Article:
As Chimney Sweepers Come to Dust - Alan Bradley (audiobook 10h 52 m)
narrated by Jayne Entwistle
I was ready to give up on the series after the last book. It felt like the series had run its course and that with this book, with Flavia sent to boarding school in Canada, the series would take a new direction with new characters to develop and interact with. I thought this was a good idea, but that I wouldn't continue. I did find out that this was a one-off in Canada so decided to give a listen.

I'm not sure that this is a successful outing. I think it probably would have been better to take the series in a new direction and stay in Canada. Instead, we get new students and teachers that won't be sticking around, and we just miss the local flavour of Buckshaw, missing Dogger and the Inspector and Flavia's sisters. Maybe listening wasn't my best bet, but I've had other series where listening to a book or two reinvigorated the series for me, but this did not. The narrator was a good Flavia, and the mystery was okay - all the mysteries are thin in Flavia books. Their charm has been the characters and Flavia's interactions with them, so I missed that here.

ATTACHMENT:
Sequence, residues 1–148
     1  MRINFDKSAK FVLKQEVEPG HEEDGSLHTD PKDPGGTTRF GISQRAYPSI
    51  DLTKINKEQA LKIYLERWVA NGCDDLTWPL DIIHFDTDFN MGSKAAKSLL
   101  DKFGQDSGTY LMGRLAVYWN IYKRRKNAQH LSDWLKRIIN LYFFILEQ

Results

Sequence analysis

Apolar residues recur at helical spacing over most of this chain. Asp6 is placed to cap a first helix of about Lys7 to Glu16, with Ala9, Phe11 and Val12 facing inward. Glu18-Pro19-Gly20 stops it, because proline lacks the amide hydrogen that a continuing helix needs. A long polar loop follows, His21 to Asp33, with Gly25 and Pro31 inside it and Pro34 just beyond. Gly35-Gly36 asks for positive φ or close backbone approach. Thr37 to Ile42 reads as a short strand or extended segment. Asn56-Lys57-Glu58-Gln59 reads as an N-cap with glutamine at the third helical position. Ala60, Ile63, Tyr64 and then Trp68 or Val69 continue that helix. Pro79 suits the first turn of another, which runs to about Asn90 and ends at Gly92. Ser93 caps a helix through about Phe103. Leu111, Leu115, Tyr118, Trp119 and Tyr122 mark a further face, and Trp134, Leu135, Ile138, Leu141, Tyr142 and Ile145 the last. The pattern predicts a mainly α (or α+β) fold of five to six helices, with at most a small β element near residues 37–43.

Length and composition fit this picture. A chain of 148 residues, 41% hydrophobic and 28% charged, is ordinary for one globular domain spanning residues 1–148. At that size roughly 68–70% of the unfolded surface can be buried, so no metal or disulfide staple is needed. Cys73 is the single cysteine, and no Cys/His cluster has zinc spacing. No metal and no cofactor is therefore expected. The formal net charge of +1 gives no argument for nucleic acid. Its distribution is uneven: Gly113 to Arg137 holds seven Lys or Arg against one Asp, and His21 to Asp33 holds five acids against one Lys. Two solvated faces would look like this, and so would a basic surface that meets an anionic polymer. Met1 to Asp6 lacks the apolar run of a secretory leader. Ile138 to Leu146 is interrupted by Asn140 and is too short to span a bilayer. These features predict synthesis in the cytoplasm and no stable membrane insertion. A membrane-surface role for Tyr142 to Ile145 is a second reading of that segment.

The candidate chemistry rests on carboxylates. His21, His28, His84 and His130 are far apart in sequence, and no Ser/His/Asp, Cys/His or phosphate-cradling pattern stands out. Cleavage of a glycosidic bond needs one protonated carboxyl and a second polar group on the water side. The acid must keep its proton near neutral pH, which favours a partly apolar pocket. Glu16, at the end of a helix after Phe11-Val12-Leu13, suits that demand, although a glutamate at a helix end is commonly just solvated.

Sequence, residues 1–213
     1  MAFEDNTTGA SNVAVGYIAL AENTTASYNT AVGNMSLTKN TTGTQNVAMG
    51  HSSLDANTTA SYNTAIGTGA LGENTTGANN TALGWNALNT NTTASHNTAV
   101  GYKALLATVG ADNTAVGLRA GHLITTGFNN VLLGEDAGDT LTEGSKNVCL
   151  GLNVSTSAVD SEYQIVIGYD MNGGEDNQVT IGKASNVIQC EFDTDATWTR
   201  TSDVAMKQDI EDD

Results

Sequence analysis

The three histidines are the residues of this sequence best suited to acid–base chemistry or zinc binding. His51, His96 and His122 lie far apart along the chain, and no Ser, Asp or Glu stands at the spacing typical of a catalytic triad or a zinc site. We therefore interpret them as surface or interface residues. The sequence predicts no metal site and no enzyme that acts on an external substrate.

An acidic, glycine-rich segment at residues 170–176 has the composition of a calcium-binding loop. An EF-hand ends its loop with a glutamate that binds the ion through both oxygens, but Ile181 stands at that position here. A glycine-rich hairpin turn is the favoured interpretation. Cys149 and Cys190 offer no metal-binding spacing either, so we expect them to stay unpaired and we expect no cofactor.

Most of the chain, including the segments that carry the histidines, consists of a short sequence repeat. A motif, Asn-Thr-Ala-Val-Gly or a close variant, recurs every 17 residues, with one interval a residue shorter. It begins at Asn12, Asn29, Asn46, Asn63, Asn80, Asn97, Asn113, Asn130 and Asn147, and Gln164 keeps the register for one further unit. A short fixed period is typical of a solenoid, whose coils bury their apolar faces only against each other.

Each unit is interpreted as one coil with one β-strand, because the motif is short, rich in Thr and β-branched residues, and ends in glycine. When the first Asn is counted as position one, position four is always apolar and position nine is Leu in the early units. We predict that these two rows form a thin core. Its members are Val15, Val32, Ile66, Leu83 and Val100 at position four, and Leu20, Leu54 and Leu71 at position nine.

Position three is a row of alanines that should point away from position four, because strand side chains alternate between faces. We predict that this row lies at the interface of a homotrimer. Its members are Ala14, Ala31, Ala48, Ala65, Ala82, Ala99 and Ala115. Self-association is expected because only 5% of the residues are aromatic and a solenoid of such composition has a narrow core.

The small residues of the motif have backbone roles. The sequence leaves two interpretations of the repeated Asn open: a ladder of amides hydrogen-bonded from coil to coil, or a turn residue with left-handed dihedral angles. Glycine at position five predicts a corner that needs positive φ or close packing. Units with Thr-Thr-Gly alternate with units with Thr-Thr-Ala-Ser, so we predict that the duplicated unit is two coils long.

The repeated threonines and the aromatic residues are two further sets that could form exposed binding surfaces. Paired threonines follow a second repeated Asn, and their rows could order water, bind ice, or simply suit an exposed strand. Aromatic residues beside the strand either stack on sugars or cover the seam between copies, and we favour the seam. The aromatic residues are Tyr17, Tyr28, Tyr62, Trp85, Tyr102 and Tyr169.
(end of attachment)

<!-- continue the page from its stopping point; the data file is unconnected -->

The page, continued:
(Plus, another review mentioned how they hoped it would be Miss Scrimmage's Finishing School For Young Ladies that Flavia attended. A fabulous idea, and I think that ruined it for me! Ten points for that reference.)